Harlem Tailor Fights Sagging Pants Trend One Student at a Time
By Jeff Mays
HARLEM — Wilbur Alexander slipped into the pants that Marion Anderson taught him to make over the last month as an apprentice at the Manhattanville Needle Trade School.
Alexander, 21, had learned to draw and cut the pattern, install a lining and sew pockets.
Anderson, 84, the founder and teacher at the school, looked the young man who was more than 60 years his junior up and down. He lifted the young man's black and yellow graphic tee just slightly in the back.
The dark blue wool dress pants sat perfectly at Alexander's 31-inch waist, no sagging.
Anderson pumped his fist in the air. "Perfect," he said with a big grin.
"They can't sag these pants. They are not made to sag," he said.
A few months ago Anderson spotted a group of young men with sagging pants. The style, said the retired New York City public school teacher, came from America's prisons and did not present the wearer in the most favorable light.
There have been efforts across the country to make sagging pants illegal. Anderson, took a different tact. He told the men that he would teach them to make a pair of pants from scratch that did not sag, DNAInfo first reported in September.
Anderson had used sewing to teach his five kids about discipline and hard work and spent many years in the school system teaching troubled youth.
The calls came rolling in.
Mothers sent their sons, sisters told their brothers about the program and some young men took the initiative and called on their own. After more than 40 years as a tailor, Anderson was looking for a few good men to share his craft with and he found them.
"I use it as an opportunity to expose these youngsters to a skill," Anderson said after working with his afternoon group. "As I expose them it may effect their attitude."
Ranging in age from 14 to 24, the young men have been coming to the trade school located on the first floor of Anderson's Harlem brownstone on West 141st Street between St. Nicholas Avenue and Hamilton Terrace three times a week for the last month.
They are required to sign a commitment statement which states that they will share their "acquired skills with others" and wear their pants in the "traditional fashion" while being an "advocate for rejecting the prison trend."
Alexander claims that his sagging pants are of an accidental nature, caused by his inability to find pants and belts that fit.
"It's not me sagging, it's my belt slipping off," he said.
His classmates and Anderson aren't buying it. It was his saggy style that got him a one-way ticket to the class but it has already affected his thinking
"My sister heard about Mr. Anderson and she saw the way I wear my pants so she told my mom and my mom forced me to come but I like it. I want to come," said Alexander. "You walk around and you see people sagging to the point where you can see their skin and it makes you want to pick up your pants."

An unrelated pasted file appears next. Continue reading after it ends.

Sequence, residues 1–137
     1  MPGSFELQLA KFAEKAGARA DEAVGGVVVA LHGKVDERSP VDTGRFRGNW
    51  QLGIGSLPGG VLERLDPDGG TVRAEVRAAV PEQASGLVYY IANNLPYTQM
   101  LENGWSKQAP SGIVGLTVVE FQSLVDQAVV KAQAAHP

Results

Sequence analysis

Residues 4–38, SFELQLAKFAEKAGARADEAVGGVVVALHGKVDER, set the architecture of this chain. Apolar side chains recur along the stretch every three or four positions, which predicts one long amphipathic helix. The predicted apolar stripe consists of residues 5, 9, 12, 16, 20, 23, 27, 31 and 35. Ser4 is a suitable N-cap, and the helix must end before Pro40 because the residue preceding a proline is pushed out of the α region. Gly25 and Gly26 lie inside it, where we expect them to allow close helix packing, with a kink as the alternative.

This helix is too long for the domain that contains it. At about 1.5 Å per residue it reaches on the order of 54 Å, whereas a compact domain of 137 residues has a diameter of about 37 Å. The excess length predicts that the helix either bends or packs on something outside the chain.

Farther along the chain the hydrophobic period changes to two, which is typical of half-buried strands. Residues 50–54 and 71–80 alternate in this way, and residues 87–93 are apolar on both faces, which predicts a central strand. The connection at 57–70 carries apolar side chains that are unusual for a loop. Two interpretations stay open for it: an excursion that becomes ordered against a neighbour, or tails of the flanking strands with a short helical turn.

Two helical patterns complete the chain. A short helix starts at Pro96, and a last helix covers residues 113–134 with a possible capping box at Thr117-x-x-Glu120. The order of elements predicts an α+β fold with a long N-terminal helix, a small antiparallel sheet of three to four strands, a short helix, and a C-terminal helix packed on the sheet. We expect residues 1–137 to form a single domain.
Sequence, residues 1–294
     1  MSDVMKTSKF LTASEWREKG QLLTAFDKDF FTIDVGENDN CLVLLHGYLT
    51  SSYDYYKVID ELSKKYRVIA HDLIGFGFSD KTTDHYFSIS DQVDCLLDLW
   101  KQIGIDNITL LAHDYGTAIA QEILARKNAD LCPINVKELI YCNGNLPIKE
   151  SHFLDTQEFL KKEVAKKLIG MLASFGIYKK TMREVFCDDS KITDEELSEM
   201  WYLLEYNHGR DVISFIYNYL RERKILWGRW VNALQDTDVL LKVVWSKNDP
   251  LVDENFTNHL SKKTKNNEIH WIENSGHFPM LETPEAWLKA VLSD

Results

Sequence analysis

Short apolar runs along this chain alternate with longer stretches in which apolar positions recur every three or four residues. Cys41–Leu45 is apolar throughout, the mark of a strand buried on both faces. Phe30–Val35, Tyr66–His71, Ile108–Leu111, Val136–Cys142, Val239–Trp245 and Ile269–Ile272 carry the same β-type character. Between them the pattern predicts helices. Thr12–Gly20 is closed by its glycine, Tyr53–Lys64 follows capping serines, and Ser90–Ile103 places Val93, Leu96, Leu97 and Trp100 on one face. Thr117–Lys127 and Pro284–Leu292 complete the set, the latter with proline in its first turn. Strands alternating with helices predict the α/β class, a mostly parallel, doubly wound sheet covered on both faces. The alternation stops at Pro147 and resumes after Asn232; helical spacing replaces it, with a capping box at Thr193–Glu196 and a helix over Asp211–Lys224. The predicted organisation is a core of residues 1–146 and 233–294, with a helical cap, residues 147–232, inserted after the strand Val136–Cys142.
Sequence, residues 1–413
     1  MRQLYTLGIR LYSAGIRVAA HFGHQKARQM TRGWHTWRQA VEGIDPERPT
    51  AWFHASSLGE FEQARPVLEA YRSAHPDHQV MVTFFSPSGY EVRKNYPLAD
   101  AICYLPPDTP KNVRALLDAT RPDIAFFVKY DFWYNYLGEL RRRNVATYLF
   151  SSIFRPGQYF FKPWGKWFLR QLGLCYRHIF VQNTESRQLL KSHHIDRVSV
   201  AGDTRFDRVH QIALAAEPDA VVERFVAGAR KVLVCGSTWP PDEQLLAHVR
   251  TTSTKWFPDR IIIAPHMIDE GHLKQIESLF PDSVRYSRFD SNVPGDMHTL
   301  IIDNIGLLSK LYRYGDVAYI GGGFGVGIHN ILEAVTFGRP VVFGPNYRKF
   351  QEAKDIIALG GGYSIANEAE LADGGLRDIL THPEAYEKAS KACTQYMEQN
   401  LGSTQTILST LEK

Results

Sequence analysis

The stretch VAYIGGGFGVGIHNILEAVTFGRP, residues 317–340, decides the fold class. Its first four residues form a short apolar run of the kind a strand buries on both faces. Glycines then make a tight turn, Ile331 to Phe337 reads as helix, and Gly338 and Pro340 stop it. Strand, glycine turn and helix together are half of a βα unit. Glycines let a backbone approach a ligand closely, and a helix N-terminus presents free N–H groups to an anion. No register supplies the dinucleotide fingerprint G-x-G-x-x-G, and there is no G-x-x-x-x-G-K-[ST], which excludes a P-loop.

Not all of the men Anderson has chosen to mentor wear sagging pants but all say they have been influenced by his willingness to help strangers free of charge
"I personally don't sag and am not judgemental of those who do" said Jesse Nathaniel Reed, 24, an entrepreneur from East New York. "What Mr. Anderson has done is said I don't support this but I'm not just going to criticize or argue with you. I'm going to teach you a trade. I appreciate his effort to share as a father would."
Josh Cave, 24, a painter from the South Bronx, is interested in fashion. He was concerned that Anderson might not want him in the class because he too is not into sagging. Instead, he was welcomed into the class.
"He said perhaps you can convince other not to sag," Cave said.
The pants he designed at the studio are his version of a pair of comfortable Levis.
"I wanted them to look like something you could wear now or in the 1950s," Cave said as he modeled the tapered blue worsted wool pants with a pair of brown shoes.
Something wasn't quite right, though. There was too much fabric and Cave couldn't move as fluidly as he wanted in them. Anderson stepped in and began instructing.
"If you mess up, it's no big deal," Cave said about working with Anderson. "I'm so amazed by the process that I walk around staring at people's pants."
Cave kicked his leg and posed in a Jackie Wilson stance after Anderson showed him how to adjust the seat. You've got to be able to dance in a good pair of pants, Reed said.
"He doesn't even need to look at a book because he has all the information stored in his mind," said Cave. "This process shows the value of work and doing things well. It teaches diligence and patience and hard work. It's been so valuable."
Cave, Alexander and Reed, strangers who met at Anderson's school are pondering the idea of starting a clothing line called 'Podium Life.' Anderson admits to tossing the idea out there. Alexander, the reluctant participant, now take extra fabrics home to work on projects.
"There's not telling where you can go once you acquire the skill," Anderson said. "I get the pleasure of seeing these young men accomplish something."
As the initial class nears its end, Anderson says several of the young men are interested in continuing as paid students. He has received dozens of calls of support and one person even sent a $50 check to show their support.
"It was just another source of encouragement," Anderson said.
Managing his young students along with his paying students has been slightly strenuous, Anderson admits. But he also wouldn't have it any other way.
"To me, its an obligation to share," he said.